Ethnic communities are vital to cull ewe trading

New Zealand producers are suffering as much as UK farmers and representatives of the two countries’ sheep producers would be meeting soon to see what could be done to improve producer returns, according to NSA chief executive Peter Morris.

“Previously, when it has been felt that NZ lamb has been hurting our market price, the case has been that sheep farmers in NZ have been making money as a result.

“This time it is different and so we have to find a common cause. We believe now is the time to have a meaningful dialogue with lamb producers on the other side of the world”, he adds.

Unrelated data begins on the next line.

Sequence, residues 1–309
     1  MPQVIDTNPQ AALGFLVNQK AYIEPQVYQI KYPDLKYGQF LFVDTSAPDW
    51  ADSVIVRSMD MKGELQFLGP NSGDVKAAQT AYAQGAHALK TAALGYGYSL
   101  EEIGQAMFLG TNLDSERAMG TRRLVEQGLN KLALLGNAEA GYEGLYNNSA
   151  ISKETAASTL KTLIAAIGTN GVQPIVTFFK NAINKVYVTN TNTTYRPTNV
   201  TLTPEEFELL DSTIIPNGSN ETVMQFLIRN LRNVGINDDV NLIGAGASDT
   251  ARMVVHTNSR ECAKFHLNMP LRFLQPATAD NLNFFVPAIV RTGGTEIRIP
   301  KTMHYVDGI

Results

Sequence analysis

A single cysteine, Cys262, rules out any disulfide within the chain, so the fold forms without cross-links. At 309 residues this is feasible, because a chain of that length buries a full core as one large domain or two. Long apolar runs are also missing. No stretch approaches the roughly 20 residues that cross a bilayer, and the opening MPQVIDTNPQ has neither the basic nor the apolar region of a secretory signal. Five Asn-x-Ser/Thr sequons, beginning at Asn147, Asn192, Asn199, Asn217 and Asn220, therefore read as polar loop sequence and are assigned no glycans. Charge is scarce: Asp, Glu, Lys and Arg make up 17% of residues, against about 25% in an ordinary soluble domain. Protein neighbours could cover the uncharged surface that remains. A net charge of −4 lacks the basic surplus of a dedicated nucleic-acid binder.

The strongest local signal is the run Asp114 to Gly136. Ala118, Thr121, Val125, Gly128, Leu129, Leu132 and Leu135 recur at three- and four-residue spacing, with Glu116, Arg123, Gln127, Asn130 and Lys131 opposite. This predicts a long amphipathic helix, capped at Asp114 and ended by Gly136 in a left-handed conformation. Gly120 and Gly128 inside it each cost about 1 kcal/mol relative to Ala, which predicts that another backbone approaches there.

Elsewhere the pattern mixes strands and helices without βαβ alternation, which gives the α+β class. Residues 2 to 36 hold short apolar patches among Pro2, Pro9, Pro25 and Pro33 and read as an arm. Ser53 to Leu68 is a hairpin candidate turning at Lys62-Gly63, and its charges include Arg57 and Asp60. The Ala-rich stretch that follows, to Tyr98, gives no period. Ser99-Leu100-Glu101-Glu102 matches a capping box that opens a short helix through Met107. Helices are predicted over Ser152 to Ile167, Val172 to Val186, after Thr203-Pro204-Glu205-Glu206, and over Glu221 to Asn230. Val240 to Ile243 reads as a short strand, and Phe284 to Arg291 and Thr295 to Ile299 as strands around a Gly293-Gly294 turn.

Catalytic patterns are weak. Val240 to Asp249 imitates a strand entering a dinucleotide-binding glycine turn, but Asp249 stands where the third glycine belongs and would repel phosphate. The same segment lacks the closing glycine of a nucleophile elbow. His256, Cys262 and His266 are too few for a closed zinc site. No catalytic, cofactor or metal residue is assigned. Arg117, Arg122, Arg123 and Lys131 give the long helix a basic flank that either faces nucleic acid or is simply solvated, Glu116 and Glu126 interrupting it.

“Retailers are turning the screw on NZ lamb and are dictating to the supply chain and forcing competition out of the system by using the offer of volume to tempt processors into price cutting wars.”

Meanwhile, the cull ewe trade is now almost totally reliant on the Halal meat sector, with about 70% of small-to-medium abattoirs working with ethnic communities to meet demand, reported Norman Bagley, policy director of the Association of Independent Meat Suppliers (AIMS.)

He told farmers the Halal market was strong and vibrant, with a large and varied requirement. As well as cull ewes, large prime lambs within a range of specifications were being sought, although there was growing interest in beef.

“When sheepmeat prices went through the roof four or five years ago, some Halal meat buyers turned to beef and volume has been increasing by 20% a year,” said Mr Bagley.

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